• Risk Factors for Multiple Myeloma

    A risk factor is something that increases your chances of getting a disease or condition. It is possible to develop multiple myeloma with or without the risk factors listed below. However, the more risk factors you have, the greater your likelihood of developing multiple myeloma. If you have a number of risk factors, ask your doctor what you can do to reduce your risk.
    Factors that may increase your risk of multiple myeloma include:
    • Age—Multiple myeloma is rare in people under 40 years old. It is most common those aged 65 years and older.
    • Family history—Although multiple myeloma tends to run in families, it is possible to have the disease without a family history.
    • Occupational or environmental exposures—Working in the petroleum or agriculture industries is associated with multiple myeloma. Radiation from a nuclear bomb fallout increases the risk of many blood-related cancers, including multiple myeloma. Radiation from other sources, such as medical treatments, may increase the risk, but it is not associated with many cases.
    • Ethnicity—Multiple myeloma rates in those of African American descent are nearly double those in Caucasians.
    • Medical conditions—Certain medical condition are associated with increased risk. These include:
      • Previous history of myeloma
      • Monoclonal gammopathy of unknown significance (MGUS)— The blood type of plasma protein, gamma globulin, combines with other proteins to make several antibodies. Normally many different types of gamma globulin are produced to deal with different infections. When most of the protein being produced is one particular form of gamma globulin, it results in monoclonal gammopathy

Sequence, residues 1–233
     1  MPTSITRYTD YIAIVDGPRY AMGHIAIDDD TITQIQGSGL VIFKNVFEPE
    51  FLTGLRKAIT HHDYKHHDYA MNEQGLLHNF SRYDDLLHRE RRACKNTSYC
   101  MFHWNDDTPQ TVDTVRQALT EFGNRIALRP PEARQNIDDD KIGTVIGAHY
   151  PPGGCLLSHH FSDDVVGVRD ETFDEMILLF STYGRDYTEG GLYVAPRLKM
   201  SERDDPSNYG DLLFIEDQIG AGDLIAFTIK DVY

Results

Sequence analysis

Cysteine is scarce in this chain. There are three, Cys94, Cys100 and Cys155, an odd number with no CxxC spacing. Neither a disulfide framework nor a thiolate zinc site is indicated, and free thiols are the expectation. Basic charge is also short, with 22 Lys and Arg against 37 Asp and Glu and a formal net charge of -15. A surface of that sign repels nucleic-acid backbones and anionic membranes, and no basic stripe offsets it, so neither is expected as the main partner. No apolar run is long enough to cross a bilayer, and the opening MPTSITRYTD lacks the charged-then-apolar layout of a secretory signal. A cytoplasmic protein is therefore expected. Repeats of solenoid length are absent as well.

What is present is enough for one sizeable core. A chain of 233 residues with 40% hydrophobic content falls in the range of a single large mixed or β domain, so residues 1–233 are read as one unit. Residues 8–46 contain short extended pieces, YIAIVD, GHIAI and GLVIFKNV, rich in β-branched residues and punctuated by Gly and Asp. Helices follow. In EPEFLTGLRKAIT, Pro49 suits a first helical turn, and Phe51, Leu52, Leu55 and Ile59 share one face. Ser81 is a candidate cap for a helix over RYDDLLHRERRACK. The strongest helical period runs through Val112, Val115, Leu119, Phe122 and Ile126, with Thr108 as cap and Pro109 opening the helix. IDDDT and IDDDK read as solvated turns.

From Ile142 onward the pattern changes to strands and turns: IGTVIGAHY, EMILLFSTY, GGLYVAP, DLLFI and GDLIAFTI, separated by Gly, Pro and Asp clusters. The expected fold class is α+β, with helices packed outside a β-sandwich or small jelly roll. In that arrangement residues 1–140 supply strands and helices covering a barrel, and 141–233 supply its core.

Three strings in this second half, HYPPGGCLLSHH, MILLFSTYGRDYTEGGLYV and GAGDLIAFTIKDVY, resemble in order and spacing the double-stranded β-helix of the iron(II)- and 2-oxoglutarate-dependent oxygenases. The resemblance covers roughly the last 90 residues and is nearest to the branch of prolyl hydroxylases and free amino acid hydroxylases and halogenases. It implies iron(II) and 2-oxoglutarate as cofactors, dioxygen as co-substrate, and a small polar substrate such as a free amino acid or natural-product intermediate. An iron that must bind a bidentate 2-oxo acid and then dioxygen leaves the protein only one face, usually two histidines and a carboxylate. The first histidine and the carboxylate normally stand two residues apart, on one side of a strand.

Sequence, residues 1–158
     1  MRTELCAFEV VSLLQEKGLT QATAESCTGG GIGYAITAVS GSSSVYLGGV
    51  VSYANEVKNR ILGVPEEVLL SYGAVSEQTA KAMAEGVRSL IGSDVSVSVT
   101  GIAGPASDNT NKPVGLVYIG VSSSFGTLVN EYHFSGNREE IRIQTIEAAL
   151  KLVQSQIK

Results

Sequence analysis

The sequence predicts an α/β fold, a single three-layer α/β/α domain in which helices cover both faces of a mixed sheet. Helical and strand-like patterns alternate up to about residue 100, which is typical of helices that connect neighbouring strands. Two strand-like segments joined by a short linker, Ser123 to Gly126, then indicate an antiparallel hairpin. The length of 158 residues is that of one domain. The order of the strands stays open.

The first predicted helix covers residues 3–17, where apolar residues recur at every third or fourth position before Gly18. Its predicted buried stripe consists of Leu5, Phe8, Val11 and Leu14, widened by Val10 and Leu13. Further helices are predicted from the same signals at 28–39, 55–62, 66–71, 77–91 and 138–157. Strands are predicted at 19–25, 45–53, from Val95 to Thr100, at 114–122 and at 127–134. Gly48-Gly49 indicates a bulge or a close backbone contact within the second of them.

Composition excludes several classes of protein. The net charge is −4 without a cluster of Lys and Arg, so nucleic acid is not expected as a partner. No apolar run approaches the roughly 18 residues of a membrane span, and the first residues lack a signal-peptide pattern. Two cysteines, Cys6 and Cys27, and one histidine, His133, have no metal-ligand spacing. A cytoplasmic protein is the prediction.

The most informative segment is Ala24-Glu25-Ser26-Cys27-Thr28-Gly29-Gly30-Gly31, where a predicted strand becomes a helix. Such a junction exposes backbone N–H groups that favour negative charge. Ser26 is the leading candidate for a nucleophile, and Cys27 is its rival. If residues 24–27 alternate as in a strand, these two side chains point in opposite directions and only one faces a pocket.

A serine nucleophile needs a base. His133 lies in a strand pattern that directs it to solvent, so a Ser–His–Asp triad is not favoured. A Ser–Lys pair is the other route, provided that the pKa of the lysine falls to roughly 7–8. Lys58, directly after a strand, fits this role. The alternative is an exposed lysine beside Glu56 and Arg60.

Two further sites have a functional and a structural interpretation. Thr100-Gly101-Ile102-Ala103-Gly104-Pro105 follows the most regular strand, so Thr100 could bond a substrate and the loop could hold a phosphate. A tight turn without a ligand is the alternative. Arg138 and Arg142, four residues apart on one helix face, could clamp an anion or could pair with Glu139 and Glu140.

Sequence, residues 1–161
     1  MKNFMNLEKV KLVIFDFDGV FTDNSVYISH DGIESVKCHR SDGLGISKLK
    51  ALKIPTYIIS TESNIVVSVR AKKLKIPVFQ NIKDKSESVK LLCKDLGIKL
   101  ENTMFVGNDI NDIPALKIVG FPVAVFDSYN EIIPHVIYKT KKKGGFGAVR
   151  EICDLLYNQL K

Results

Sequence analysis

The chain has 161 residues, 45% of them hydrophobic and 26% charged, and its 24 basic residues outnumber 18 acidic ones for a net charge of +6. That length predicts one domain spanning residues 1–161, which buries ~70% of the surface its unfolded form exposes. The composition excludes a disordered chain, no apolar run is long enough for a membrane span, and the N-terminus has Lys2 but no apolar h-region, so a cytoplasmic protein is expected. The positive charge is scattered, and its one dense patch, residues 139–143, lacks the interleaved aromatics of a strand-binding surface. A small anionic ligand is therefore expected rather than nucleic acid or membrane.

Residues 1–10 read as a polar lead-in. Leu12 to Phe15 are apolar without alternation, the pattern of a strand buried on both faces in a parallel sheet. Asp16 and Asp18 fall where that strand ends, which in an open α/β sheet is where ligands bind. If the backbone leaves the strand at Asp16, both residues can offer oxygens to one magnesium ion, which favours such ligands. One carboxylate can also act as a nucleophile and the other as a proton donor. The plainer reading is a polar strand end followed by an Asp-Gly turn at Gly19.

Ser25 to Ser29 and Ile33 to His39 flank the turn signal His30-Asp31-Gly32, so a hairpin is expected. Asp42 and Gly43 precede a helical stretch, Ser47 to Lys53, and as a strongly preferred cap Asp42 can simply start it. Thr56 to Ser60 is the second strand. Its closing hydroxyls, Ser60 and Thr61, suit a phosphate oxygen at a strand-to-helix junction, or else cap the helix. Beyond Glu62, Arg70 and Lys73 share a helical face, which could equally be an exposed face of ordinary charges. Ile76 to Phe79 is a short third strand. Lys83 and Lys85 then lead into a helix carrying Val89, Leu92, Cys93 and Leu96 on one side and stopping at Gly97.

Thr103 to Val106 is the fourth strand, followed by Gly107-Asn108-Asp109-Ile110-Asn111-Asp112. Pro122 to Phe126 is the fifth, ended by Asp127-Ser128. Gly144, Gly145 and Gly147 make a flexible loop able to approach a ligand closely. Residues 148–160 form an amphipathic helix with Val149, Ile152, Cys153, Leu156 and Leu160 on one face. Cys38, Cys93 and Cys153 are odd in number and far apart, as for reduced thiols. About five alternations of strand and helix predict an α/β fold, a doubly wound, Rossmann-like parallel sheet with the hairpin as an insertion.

• Obesity—Being overweight is associated with a increased risk of MGUS, a known risk factor for multiple myeloma. Risk is compounded as weight increases.
      • Amyloidosis—Abnormal proteins accumulate in various organs of the body. The accumulation of these proteins causes the affected organs to malfunction. Amyloidosis is rare, but it is associated with multiple myeloma.


    General information about plasma cell neoplasms. National Cancer Institute website. Available at: https://www.cancer.gov/types/myeloma/patient/myeloma-treatment-pdq. Updated August 5, 2016. Accessed March 16, 2017.

    Multiple myeloma. EBSCO DynaMed Plus website. Available at: http://www.dynamed.com/topics/dmp~AN~T116888/Multiple-myeloma. Updated November 21, 2016. Accessed March 16, 2017.

    Multiple myeloma. Merck Manual Professional Version website. Available at: http://www.merckmanuals.com/professional/hematology-and-oncology/plasma-cell-disorders/multiple-myeloma. Updated September 2016. Accessed March 16, 2017.

    Myeloma. Leukemia & Lymphoma Society website. Available at: http://www.lls.org/disease-information/myeloma. Accessed March 16, 2017.

    Multiple myeloma. American Cancer Society website. Available at: https://www.cancer.org/cancer/multiple-myeloma/causes-risks-prevention/risk-factors.html. Updated January 19, 2016. Accessed March 16, 2017.

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